Expanding time with slow thinking

Dr Sam Peng, Head of Economics PrĂ©cis: The subjective nature of time perception suggests that we can expand students’ brain time in learning by engaging them in more slow thinking.   Today is a special day for the current Year 12 students. It is a day on which they celebrate growth, maturity, friendship, learning, independence, responsibility and a new beginning. Today is also a special day for their teachers, as waves of joy, pride, happiness and memory will gently tap their hearts. At this very special time for farewell and reflection, I wonder how our students will remember their education at Brisbane Girls Grammar School. Will their memories play out as a rapid time lapse of sunrise and sunset in this vibrant learning space, a slow motion of some unforgettable, enlightening moments, or a montage of both? What determines how moments of their learning experience are processed in their brain and contribute to their cognitive development?…

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I think, therefore I remember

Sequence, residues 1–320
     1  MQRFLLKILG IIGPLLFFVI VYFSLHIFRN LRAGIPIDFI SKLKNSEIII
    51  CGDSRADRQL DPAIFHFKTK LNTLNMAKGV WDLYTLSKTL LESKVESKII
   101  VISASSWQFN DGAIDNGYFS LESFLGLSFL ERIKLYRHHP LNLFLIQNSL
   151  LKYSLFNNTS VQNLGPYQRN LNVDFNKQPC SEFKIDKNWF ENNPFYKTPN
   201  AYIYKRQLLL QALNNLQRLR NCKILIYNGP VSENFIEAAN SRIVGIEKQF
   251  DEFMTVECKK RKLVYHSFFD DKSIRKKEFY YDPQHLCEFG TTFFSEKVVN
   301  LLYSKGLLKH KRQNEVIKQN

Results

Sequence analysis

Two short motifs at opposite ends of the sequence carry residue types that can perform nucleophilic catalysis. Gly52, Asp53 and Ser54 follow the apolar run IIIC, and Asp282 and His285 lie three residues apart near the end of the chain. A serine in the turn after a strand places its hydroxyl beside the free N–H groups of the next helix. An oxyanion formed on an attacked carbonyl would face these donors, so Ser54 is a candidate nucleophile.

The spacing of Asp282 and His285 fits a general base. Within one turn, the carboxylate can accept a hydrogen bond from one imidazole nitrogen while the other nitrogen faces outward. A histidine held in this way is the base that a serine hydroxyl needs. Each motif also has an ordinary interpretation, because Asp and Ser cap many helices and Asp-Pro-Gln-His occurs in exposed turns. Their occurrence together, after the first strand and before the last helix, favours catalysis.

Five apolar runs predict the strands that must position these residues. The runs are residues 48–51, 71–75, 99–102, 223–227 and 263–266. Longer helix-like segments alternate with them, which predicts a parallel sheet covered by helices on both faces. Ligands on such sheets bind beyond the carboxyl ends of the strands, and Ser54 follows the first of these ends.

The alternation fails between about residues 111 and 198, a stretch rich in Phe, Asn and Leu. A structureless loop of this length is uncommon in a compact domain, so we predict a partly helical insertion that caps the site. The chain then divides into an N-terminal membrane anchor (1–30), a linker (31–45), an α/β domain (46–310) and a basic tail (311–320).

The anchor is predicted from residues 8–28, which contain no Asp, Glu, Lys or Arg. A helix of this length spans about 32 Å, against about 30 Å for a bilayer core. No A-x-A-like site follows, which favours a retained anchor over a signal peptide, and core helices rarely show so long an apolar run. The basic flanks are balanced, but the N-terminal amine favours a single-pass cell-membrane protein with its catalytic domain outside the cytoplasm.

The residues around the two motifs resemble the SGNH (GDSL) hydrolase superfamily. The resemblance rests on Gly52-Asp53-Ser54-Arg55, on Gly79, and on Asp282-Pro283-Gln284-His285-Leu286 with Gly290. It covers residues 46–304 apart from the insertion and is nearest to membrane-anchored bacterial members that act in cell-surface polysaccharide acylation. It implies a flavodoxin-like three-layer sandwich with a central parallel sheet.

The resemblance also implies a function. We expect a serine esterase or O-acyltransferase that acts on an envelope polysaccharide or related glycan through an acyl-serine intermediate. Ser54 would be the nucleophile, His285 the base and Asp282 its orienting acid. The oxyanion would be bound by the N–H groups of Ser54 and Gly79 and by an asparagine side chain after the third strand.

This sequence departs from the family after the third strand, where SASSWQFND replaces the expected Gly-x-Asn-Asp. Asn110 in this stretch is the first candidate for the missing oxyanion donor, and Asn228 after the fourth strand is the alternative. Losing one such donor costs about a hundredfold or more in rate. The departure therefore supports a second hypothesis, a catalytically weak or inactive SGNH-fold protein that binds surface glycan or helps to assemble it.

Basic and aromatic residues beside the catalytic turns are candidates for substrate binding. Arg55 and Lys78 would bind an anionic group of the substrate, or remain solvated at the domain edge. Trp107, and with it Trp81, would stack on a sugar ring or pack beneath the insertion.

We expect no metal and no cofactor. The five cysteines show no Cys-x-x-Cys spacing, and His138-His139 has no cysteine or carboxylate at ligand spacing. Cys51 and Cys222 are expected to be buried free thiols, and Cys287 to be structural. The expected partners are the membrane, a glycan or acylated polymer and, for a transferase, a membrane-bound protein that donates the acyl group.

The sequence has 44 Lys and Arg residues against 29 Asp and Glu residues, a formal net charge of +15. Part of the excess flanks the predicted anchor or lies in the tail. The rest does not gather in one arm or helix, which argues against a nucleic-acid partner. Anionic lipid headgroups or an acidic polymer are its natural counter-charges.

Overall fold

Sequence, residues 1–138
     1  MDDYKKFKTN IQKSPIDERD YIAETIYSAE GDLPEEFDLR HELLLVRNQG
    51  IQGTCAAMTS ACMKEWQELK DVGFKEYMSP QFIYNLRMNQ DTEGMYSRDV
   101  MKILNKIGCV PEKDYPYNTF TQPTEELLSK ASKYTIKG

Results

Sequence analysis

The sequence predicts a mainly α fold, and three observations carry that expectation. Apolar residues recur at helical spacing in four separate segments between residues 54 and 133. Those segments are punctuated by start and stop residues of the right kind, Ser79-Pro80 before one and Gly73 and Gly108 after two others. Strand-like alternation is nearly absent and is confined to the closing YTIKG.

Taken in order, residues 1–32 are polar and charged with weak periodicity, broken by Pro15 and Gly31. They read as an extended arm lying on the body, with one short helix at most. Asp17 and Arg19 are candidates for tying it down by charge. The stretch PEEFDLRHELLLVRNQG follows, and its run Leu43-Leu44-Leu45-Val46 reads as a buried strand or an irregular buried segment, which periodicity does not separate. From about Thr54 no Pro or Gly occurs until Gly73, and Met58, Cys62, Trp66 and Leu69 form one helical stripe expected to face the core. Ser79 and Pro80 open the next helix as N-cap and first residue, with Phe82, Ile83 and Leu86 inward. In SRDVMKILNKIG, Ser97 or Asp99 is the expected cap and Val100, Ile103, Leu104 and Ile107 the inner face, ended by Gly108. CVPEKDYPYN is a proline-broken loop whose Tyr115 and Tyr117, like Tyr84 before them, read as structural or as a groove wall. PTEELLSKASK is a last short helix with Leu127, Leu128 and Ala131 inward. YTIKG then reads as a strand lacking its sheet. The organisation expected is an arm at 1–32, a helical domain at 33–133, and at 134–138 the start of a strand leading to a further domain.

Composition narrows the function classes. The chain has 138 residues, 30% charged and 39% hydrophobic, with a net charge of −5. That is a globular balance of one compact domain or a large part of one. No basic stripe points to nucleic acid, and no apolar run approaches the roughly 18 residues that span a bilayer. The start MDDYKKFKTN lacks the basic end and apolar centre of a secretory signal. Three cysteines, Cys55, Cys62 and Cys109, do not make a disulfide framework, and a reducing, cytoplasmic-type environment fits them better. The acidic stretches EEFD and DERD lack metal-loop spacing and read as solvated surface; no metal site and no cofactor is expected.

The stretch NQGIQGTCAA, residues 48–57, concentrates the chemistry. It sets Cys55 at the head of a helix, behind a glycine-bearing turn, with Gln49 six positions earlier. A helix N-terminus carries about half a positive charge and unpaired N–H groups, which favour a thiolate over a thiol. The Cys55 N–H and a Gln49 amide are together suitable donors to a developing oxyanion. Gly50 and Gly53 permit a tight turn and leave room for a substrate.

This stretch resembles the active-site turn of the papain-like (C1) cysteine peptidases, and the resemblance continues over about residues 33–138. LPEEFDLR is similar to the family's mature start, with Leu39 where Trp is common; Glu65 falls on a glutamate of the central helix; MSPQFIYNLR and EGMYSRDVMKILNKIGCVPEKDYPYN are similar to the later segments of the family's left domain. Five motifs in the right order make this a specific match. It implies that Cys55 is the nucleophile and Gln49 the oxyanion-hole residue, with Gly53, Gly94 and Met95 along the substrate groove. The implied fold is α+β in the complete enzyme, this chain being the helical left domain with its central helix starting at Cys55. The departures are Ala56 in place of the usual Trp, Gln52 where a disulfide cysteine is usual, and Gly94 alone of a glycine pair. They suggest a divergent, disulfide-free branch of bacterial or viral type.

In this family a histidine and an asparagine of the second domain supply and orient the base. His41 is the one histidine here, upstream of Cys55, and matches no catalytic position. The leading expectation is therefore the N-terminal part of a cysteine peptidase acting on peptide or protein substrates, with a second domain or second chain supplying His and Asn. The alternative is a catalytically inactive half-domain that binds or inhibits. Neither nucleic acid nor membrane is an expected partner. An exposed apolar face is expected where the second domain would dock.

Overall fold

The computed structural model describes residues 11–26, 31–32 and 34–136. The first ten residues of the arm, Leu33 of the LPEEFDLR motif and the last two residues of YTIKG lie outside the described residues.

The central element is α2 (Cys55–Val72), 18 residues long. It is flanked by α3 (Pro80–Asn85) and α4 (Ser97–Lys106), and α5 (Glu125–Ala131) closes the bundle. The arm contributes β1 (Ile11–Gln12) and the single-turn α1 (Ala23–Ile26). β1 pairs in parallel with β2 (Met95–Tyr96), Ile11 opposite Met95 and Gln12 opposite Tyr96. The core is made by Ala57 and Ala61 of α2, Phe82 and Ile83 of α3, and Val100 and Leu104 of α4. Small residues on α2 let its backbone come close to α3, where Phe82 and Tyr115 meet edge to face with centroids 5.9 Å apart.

Dr Peter Jenkins, Head of Mathematics Curriculum Development From 2020, Year 12 students in Queensland will sit external examinations that assess content learned over almost two years. Evidently, the ability of students to effectively remember a large volume of content, skills and understanding will be crucial for success. In Mathematics, there is often a reluctance to talk about the role of memory, possibly due to a fear that focusing on the act of remembering somehow minimises the importance of conceptual understanding. But not only is memory crucial in the process of developing conceptual understanding (Byers and Erlwanger, 1985), conversely it is the development of conceptual understanding that makes mathematical ideas memorable. As noted by McInerney (2014), the most important characteristic that makes information memorable is meaningfulness. Meaningful information is information that is already related to networks of ideas, or schemas, in long-term memory, and thus gives rise to the feeling of making sense. The richer the…

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